Posted October 7, 2013

{Writings of John Johnson}

Traditions of Men: The traditions of Men have spread themselves in the nominal Christian Church, like the Army of Gog upon the Mountains of Israel; as a Storm, and as a Cloud covering the Land. This Smoke of the bottomless pit hath so darkened the sun and the air, until men grope at noon day, as in the night; or as those that have no Eyes. And this infernal Idol “opposeth and exalteth himself above all that is called God, or that is worshipped; so that he, as God, sitteth in the Temple of God, showing himself that he is God;” and gives such life to his worshippers, that they proclaim his magnificence, as much as the Ephesians proclaimed that of their Goddess; saying, who is like unto the Beast? Who is able to make War with him? All Denominations of Protestants {in the general Bulk} are as much bigoted to their own traditions, as Papists to theirs. There may be some differences between the Traditions which reign most in Britain, and those most in vogue in Italy. But whether they be of the established Church, or Dissenters; tradition is the governing Principle; and each one having imbibed their own popular system, are devoted thereto, more than to the Word of the living God; and though they profess to make the Word of God their alone Rule; yet, their leaders have followed the opinions of one another, until their sentiments pass for Oracles; and whosoever shall stand up for the Sacred Word, in opposition to their Traditions, shall straightway be esteemed Heterodox. And either through admiration of famous Men, or through having those things constantly sounded in their Ears; the People receive them as unquestionable Scripture Truths, even though they never read them in the Bible. Thus, the real Difference between a Papist and a Protestant {in the common Run, of every Denomination} is only this; the Papist believes himself not obliged to pay attention to the Scriptures, because his priest tells him that the Judgment of the Church is sufficient. The Protestant receives human teachings as divine Truths, because his minister tells him that they are taken from the Scriptures. And to plead the very Word of God, in contradiction to these celebrated Protestant ‘Divines,’ is as great a profanation, as if it were done against a Conclave of Cardinals. This usurper, Human Tradition, is the most formidable Adversary against the Kingdom of Christ, of any that bears a banner in the Camp of Abaddon; and it is from this very Adversary, that every faithful Minister of Christ experiences the greatest resistance in his work; and every tender Lamb in Christ’s fold, finds the fiercest opposition to his establishment in the Truth. John Johnson {Propositions of John Huddleston, 1766}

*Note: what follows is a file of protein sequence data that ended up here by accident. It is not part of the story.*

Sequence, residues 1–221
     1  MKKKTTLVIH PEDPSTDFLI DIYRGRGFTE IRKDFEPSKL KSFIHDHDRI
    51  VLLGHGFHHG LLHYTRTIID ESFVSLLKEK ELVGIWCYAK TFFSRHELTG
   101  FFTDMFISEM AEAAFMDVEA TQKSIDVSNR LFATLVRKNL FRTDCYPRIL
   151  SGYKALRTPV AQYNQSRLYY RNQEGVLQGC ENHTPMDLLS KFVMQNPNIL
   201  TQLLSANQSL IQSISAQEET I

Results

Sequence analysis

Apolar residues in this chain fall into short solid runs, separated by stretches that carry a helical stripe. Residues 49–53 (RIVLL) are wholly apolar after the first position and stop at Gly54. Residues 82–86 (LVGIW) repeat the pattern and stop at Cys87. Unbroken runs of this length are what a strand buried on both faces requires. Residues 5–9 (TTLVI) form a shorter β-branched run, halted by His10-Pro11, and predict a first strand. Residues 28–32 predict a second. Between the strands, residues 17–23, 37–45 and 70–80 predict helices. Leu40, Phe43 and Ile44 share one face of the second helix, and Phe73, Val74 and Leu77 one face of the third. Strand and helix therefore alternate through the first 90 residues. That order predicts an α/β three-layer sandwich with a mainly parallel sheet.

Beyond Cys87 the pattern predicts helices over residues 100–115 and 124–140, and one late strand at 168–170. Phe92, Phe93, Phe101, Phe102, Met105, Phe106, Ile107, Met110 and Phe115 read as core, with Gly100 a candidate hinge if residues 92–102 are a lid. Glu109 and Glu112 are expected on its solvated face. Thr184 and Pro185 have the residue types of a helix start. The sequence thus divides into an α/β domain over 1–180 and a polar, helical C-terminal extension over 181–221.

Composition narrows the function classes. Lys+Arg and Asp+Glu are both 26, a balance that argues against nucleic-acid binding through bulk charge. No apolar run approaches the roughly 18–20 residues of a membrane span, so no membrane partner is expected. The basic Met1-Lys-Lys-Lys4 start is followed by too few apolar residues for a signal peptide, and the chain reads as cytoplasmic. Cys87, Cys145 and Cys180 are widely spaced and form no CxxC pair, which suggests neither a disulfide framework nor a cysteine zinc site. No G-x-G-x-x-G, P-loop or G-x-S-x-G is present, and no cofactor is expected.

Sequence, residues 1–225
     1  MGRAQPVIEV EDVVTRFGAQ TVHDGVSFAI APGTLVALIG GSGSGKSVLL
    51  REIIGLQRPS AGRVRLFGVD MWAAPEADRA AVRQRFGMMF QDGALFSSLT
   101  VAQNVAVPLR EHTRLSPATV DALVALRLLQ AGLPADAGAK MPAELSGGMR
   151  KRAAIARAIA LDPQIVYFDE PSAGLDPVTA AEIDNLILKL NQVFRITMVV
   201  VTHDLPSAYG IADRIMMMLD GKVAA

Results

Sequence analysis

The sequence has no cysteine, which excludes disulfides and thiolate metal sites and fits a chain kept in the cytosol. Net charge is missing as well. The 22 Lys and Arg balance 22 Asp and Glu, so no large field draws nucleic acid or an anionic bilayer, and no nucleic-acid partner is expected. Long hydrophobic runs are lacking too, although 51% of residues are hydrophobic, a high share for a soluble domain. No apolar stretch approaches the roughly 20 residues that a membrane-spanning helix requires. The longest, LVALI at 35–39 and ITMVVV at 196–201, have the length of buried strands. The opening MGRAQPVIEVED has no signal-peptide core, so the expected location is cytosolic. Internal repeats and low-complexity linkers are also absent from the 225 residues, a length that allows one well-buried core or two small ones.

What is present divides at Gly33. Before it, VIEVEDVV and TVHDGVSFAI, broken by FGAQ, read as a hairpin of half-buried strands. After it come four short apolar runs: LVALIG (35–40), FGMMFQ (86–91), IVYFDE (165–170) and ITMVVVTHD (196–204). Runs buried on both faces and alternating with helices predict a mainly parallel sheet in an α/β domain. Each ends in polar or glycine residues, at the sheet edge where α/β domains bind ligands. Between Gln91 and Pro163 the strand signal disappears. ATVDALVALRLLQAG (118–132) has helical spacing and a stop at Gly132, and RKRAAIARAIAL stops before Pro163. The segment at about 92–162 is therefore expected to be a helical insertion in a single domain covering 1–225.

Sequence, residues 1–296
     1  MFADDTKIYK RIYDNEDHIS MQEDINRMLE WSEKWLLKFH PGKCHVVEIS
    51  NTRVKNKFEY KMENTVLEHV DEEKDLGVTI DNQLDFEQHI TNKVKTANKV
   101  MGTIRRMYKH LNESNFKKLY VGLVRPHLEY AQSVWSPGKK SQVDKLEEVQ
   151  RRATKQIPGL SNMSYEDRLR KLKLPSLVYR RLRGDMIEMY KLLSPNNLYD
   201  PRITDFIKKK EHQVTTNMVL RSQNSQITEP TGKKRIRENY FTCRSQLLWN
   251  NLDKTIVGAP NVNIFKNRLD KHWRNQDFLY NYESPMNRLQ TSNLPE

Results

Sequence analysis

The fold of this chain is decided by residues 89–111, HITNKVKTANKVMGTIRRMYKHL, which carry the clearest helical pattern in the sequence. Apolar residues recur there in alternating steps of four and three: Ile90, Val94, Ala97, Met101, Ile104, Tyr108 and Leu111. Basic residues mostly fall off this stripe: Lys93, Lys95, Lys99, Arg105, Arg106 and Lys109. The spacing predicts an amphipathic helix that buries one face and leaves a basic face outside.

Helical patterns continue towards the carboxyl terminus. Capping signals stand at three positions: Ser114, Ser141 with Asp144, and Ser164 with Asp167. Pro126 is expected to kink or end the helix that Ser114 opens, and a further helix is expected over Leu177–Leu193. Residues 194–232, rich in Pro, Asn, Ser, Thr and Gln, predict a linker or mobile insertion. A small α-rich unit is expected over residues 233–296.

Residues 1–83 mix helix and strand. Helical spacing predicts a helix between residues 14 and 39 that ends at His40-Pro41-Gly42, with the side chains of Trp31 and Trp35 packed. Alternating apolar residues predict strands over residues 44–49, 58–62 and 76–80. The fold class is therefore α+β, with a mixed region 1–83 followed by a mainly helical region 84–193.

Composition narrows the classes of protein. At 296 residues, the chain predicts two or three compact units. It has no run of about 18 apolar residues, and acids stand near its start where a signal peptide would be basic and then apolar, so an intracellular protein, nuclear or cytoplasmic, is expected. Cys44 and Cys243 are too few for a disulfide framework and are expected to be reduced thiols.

Faith of God’s Elect: If a Man, in his whole heart, and his whole soul, believes without reserve, the Sum and Substance of the Everlasting Gospel, in the Truth, Life, Spirit, and Power thereof, the Faith of God’s Elect is no more. For this is nothing less than to have the Word of God dwelling in us; the Record which God gave of his Son, written in our minds by the Eternal Spirit; which is the same thing, as Christ dwelling in the heart. {II Cor.3:3, Eph.3:17, II Jn.2} The things of the Kingdom of God are of infinite and eternal consequence; therefore cannot be believed, but upon evidence which is absolutely infallible. Persons may pretend to believe those things, which in themselves are divine Truth, when this belief is only grounded on human testimony; received, as the word of Men. But this, which they call faith, is no more than opinion, and will vanish in time of trial. The faith of the Operation of God, of which Christ is Author and Finisher, is grounded on the infallible Truth of the living God, written in the heart by the finger of the eternal Spirit; and can never be shaken by anything within us, or without us; visible, or invisible, in earth or hell; in time, or eternity. Forasmuch as it is the Gift of God, whose Gifts are all without Repentance. {Eph.2:8, Rom.11:29} The common rant of Ministers {under pretense of comforting the weak, and miserable Comforters they are} telling of persons believing, then disbelieving, and believing again; having faith, losing it, and finding it again, &c, is only a delusion of the Devil to encourage hypocrites by vain deceit. He that doubts the Truth of God never did receive the Divine Record. {Is.59:21, Lk.10:42, Jn.17:8, I Jn.2:27} Therefore the hope of a Believer is an unshaken dependence on the infallible Promise of Jehovah. {Rom.4:21} With a patient waiting, and unwavering expectation of the ample completion of all the Grace, and perfect consummation of all the Glory, promised to the Church of the First-Born. {I Jn.3:2} Nothing less than this is the Believer’s Hope. {Rom.5:2, II Thes.2:16, Heb.11:1} The Believer ventures nothing on the Score of his Christianity; he rests all upon Christ.  John Johnson {Propositions of John Huddleston, 1766}

Posted October 8, 2013

{Writings of John Johnson}